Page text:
• 5 August 2009
  • News
  • By Jahanara Parveen

Get international talent

Get international talent
Attracting international talent is a useful proposition.

India is still facing shortage of highly motivated scientists with global outlook. There is a huge demand of skilled manpower in research, biomanufacturing and services.
Companies in the bioscience industry have woken up to the reality and have realized that a definite strategy is required to attract international talent to fill in the talent gap that is persisting in the industry. This also means attracting expatriate talent, if the region is to keep up the pace with the leading clusters and companies in the global life science industry. The recognition of India as an emerging bioscience destination have inspired many NRIs to return to India, thereby offering the country benefits of a reverse brain drain. As a large number of multinational companies and organizations find the global Indians an attractive scientific pool, therefore, the return of NRIs from the west is proving immensely fruitful as they are finding multiple avenues in India to explore in terms of job and career.
So the latest question doing the rounds—Is international worth the game? Industry experts say, “Yes, why not.”  “The world is becoming flat and a global village. Indian students studying abroad have a different management style and wider perspective of the industry,” elaborates Dr Bhuwnesh Agarwal, chairman and MD, Roche Diagnostics India.
Interestingly, most of the Indian multinationals are seriously considering attracting international talents.  Many Indian biotech companies are now repositioning their international talent initiative to attract skilled international manpower. Industry believes that internationalization at workplace creates a feel of different cultures, languages, diverse outlook and understanding. Therefore, the Indian biotech companies are hiring NRIs and foreigners who wish to work in India, and offering them comfort in the local environment. Some of the life science companies which are actively hiring NRIs and foreign nationals are Biocon, Avesthagen, Dr. Reddy’s Laboratories, Ranbaxy and Sami Labs.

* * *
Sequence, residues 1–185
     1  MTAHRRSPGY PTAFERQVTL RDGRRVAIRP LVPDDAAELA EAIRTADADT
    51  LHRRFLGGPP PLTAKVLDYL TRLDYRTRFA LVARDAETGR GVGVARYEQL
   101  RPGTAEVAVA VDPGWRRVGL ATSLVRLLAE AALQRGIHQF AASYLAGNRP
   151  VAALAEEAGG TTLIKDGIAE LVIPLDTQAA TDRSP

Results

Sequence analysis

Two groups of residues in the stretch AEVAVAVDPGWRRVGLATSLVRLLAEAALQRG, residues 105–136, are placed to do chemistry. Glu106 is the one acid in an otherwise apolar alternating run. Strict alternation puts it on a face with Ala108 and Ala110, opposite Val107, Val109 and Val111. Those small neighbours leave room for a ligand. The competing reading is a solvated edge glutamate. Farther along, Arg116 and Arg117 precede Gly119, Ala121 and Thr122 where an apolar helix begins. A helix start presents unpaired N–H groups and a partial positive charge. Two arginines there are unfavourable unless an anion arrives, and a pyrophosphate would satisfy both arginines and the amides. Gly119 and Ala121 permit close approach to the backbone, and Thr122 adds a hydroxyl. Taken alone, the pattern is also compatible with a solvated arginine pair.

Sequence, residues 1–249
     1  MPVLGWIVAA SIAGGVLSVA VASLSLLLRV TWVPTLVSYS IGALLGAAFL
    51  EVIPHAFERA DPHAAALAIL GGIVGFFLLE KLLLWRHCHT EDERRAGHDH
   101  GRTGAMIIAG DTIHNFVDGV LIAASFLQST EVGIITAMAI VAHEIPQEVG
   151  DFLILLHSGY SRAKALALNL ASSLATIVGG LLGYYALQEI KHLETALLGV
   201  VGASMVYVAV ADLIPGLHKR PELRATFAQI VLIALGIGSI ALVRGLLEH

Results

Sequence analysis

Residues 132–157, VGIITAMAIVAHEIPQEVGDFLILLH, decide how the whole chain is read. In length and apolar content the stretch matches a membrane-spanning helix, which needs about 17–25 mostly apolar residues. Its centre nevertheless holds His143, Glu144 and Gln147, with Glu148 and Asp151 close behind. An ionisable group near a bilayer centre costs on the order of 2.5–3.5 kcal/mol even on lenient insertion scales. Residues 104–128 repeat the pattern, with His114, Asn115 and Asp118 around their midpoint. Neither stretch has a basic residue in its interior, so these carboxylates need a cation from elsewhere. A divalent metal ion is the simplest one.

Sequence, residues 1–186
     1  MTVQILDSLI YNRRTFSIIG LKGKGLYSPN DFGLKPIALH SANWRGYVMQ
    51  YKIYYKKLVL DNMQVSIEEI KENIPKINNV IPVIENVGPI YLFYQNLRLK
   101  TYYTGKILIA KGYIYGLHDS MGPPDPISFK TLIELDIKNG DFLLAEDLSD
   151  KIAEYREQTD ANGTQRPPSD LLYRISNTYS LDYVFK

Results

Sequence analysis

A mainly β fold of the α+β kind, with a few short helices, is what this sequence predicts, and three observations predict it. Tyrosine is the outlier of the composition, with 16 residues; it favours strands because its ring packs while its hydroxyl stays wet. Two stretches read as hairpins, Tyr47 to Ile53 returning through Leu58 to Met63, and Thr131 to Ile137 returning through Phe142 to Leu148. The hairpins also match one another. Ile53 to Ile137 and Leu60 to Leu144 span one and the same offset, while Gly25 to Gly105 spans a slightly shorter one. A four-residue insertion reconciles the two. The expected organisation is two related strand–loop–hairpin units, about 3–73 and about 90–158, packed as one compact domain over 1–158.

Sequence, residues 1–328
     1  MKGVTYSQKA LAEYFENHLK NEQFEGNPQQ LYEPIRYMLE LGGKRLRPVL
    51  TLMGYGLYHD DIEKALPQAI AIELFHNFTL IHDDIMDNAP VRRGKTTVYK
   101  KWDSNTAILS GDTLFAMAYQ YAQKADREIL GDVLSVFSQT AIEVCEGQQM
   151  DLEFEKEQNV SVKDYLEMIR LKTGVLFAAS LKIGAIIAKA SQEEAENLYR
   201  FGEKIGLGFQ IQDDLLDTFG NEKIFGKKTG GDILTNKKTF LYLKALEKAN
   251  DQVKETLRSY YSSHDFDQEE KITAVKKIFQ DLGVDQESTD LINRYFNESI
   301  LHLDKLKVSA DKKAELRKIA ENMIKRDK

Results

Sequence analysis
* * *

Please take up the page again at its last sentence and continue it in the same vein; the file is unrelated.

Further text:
Suresh Vazirani, MD of Transasia said, “It would be worthwhile to recruit international students for functions like R&D, quality systems and automation.  This would mean exchange of ideas and new perspectives regardless of national boundaries. Having international talent would mean boosting up efforts for indigenous innovation and continuous improvement in related sphere of business activities. Same impact would be on reduction in lead time for delivery and possibly enhancing product life cycle.” He recommends that short-term assignments as consultants with proper compensation should help to attract international talent.
Attracting international talent is a useful proposition for Indian companies as foreign universities provide good educational inputs and are considered to be better aligned with industry requirements. “This can be effectively worked out in companies through exchange programs between domestic universities and foreign counterparts,” said Dr Kashmira Pagdiwalla, director (HR operations), Intas Biopharmaceuticals.
In an effort to attract more talent from abroad, CSIR too plans to attract NRIs to help the country transform into a global life sciences center by offering them housing, health-care allowances as well as other benefits including education for children and residence rights.  According to a plan issued by the Indian government, CSIR would be looking at hiring NRIs at some of the key scientific positions in the year ahead. “These key positions are open to NRI scientists and will allow internationally-based scientists to return to India and offer their services. The government also supports the idea of attracting foreign scientists setting up companies in India,” states Dr Samir Brahmachari, director general, CSIR. He believes that if India is to maintain the international talent within the region, we would also need to look out for their families as most of the NRIs these days have a foreign spouse. One way of solving this problem could be by hiring the spouse as well and offering the family a proper residentship. Therefore, a solution to the problem on a political level is needed.

The argument

While most of the CEOs and HR heads support the idea of bringing foreign talent to India towards filling the demand-supply gap, there are few others who have a different opinion. They argue that this is not an ideal solution, but creating and nourishing home-grown talent pool is a better strategy for long term growth. According to them, globalized talent is more important only for companies that do business overseas and not all companies will be able to employ an international talent due to lack of resources. Moreover, foreign employees generally see employment overseas as temporary undertakings, with the aim to return to their homeland  after a while.